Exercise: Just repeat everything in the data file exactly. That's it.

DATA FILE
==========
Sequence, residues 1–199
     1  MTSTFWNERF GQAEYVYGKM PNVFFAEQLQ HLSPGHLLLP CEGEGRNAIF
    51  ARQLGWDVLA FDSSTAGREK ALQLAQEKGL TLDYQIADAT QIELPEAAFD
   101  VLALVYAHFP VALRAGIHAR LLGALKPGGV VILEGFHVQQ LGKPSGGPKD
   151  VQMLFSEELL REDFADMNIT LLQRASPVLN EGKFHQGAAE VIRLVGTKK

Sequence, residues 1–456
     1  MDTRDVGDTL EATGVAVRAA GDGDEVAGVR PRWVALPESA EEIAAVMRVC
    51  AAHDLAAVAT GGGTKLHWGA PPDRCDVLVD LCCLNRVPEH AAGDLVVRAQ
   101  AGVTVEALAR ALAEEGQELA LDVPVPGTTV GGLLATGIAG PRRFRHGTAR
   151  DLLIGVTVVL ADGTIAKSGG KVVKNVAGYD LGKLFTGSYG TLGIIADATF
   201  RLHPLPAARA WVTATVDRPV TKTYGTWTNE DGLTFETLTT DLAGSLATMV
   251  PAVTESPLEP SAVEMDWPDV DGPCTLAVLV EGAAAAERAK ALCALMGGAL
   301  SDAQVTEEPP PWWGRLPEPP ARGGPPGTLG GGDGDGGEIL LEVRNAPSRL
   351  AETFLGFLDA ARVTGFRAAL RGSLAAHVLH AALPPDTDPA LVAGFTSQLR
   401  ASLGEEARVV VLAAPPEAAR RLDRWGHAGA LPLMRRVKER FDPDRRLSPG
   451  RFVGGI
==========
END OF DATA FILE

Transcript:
Sequence, residues 1–199
     1  MTSTFWNERF GQAEYVYGKM PNVFFAEQLQ HLSPGHLLLP CEGEGRNAIF
    51  ARQLGWDVLA FDSSTAGREK ALQLAQEKGL TLDYQIADAT QIELPEAAFD
   101  VLALVYAHFP VALRAGIHAR LLGALKPGGV VILEGFHVQQ LGKPSGGPKD
   151  VQMLFSEELL REDFADMNIT LLQRASPVLN EGKFHQGAAE VIRLVGTKK

Sequence, residues 1–456
     1  MDTRDVGDTL EATGVAVRAA GDGDEVAGVR PRWVALPESA EEIAAVMRVC
    51  AAHDLAAVAT GGGTKLHWGA PPDRCDVLVD LCCLNRVPEH AAGDLVVRAQ
   101  AGVTVEALAR ALAEEGQELA LDVPVPGTTV GGLLATGIAG PRRFRHGTAR
   151  DLLIGVTVVL ADGTIAKSGG KVVKNVAGYD LGKLFTGSYG TLGIIADATF
   201  RLHPLPAARA WVTATVDRPV TKTYGTWTNE DGLTFETLTT DLAGSLATMV
   251  PAVTESPLEP SAVEMDWPDV DGPCTLAVLV EGAAAAERAK ALCALMGGAL
   301  SDAQVTEEPP PWWGRLPEPP ARGGPPGTLG GGDGDGGEIL LEVRNAPSRL
   351  AETFLGFLDA ARVTGFRAAL RGSLAAHVLH AALPPDTDPA LVAGFTSQLR
   401  ASLGEEARVV VLAAPPEAAR RLDRWGHAGA LPLMRRVKER FDPDRRLSPG
   451  RFVGGI